Anthropologie mainstay Liamolly is one of my favorite brands. I love their sweaters, their dresses and their adorable children’s clothing. Yesterday founder Seema Sudan reached out to the brand mailing list about an amazing project they’re starting: moving production of Liamolly’s clothing home to New Orleans.
From the email:
Our friends at the knitting mill in Asia, increased our minimums 2,000 pieces per style, making it impossible to go forward as we have. We wanted to expand our line by adding styles, and kids and home, not volume. We want to be local. We want to remain unique and special just like you. After 4 months of research, we decided to purchase our own knitting machine and start our production right here in New Orleans. With 1 knitting machine we can rebuild our business.
Thanks to the awesomeness that is the Internet, Liamolly does not have to go this project alone. The expense to bring the production to New Orleans is huge and Liamolly is a small business. So the company has turned to kickstarter, a website that runs crowd-sourced fundraising. Kickstarter is home to projects charitable, commercial and just plain out there. With its own kickstarter page, Liamolly has set a goal of $26,000.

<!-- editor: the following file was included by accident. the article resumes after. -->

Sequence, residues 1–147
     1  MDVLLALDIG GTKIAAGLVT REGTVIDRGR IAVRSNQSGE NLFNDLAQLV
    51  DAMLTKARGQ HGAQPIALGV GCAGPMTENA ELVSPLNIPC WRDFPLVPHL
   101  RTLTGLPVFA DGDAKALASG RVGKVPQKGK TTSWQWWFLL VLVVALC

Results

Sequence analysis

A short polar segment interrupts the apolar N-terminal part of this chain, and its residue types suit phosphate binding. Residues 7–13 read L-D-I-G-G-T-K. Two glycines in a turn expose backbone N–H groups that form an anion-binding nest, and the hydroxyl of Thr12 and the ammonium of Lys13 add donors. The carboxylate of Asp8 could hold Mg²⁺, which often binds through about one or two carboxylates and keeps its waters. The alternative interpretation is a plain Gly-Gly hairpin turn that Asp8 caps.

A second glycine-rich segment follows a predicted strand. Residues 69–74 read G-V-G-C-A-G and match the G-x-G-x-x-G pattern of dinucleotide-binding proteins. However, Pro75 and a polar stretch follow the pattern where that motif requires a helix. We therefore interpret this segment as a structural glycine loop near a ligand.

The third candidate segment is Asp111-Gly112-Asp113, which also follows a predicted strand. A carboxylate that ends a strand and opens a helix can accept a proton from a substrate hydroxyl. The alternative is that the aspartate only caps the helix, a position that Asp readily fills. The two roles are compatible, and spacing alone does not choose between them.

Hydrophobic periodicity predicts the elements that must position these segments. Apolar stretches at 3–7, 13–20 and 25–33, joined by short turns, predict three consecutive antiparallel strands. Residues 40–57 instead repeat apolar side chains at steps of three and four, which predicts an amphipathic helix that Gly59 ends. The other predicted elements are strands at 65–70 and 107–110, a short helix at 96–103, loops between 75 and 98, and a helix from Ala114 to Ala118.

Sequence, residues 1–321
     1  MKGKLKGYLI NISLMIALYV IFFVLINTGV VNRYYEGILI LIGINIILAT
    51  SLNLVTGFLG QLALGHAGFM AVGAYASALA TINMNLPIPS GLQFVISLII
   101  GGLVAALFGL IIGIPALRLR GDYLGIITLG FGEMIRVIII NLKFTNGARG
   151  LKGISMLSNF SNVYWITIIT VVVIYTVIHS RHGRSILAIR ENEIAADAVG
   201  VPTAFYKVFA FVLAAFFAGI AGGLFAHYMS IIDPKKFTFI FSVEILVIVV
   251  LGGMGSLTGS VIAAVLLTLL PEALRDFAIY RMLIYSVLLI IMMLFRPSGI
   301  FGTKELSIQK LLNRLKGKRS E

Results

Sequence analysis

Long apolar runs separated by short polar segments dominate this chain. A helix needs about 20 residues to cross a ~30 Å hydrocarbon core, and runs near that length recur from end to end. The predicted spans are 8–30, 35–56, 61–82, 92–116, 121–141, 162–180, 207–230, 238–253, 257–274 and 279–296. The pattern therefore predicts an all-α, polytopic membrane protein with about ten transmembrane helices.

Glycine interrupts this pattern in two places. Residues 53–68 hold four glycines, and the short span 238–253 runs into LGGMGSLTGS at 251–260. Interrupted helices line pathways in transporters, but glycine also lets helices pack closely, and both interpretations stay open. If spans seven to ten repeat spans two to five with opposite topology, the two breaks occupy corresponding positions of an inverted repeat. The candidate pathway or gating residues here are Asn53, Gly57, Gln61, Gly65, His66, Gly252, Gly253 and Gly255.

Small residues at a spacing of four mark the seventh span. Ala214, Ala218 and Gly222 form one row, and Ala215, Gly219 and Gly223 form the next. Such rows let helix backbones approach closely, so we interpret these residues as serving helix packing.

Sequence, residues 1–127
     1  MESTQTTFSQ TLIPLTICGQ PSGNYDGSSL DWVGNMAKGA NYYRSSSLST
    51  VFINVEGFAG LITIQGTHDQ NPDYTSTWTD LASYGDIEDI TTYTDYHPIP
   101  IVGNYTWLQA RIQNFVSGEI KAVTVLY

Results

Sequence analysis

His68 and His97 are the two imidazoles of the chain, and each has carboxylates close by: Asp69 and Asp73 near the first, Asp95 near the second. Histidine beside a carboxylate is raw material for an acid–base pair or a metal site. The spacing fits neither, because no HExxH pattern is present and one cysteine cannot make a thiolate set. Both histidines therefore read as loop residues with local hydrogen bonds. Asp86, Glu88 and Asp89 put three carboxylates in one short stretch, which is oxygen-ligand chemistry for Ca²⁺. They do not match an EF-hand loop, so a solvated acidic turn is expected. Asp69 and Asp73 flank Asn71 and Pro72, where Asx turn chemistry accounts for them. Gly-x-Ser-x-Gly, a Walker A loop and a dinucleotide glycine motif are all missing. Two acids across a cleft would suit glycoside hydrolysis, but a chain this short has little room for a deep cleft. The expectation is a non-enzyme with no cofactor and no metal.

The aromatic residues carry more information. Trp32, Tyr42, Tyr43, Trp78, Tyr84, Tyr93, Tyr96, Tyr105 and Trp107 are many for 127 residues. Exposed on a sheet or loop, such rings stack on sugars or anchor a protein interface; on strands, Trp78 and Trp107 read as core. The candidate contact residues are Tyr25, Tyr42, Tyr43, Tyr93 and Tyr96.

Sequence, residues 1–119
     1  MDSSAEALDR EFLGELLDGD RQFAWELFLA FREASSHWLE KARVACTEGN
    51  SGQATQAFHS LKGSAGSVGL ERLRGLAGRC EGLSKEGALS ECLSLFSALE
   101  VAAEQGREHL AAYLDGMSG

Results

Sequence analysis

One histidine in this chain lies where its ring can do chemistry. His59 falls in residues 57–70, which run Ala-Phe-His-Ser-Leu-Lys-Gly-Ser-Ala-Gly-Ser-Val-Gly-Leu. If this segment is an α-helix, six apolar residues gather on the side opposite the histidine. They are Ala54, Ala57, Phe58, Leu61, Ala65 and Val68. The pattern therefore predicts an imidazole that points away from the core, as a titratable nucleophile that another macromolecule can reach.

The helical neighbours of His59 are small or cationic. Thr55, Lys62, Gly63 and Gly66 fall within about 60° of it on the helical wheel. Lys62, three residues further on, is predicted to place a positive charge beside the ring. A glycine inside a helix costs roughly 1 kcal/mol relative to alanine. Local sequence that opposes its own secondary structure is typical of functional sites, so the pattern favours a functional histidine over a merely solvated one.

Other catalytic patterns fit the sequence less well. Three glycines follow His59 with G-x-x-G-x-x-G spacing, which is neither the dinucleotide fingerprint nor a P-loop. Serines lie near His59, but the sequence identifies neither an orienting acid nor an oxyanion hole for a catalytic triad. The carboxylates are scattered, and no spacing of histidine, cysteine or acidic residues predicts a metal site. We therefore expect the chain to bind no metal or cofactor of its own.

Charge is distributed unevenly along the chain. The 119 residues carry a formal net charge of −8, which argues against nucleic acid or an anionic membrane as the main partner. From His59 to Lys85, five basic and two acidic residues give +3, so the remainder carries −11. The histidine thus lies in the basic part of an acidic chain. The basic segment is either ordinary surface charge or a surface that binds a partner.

What that money will be used for:
We are sold in 200 locally owned boutiques in the US and Anthropologie. We’ve been self financed since our start. We need 1 knitting machine to kickstart our local production, to prove it is possible. We have the sales, we just need the production.
1 machine will bring back our online retail store for spring 2012.
3 machines will let me fill my 200 locally owned boutique accounts.
4 machines will allow me to launch our Kids, Men’s and Home collection.
6 machines will allow me to help other knitters with their production.
If you are interested in learning more about this project visit Liamolly’s page on kickstarter. Donations can be as small as $1 and if you are interested in contributing every little bit helps. I’m sad to think Liamolly might have to shut down production because of new minimums abroad and I’m delighted to see the company try to bring production stateside. A city like New Orleans that is continuing to recover from a down economy and natural disasters could always use a boost like this.
Artist Interview: Seema Sudan/Liamolly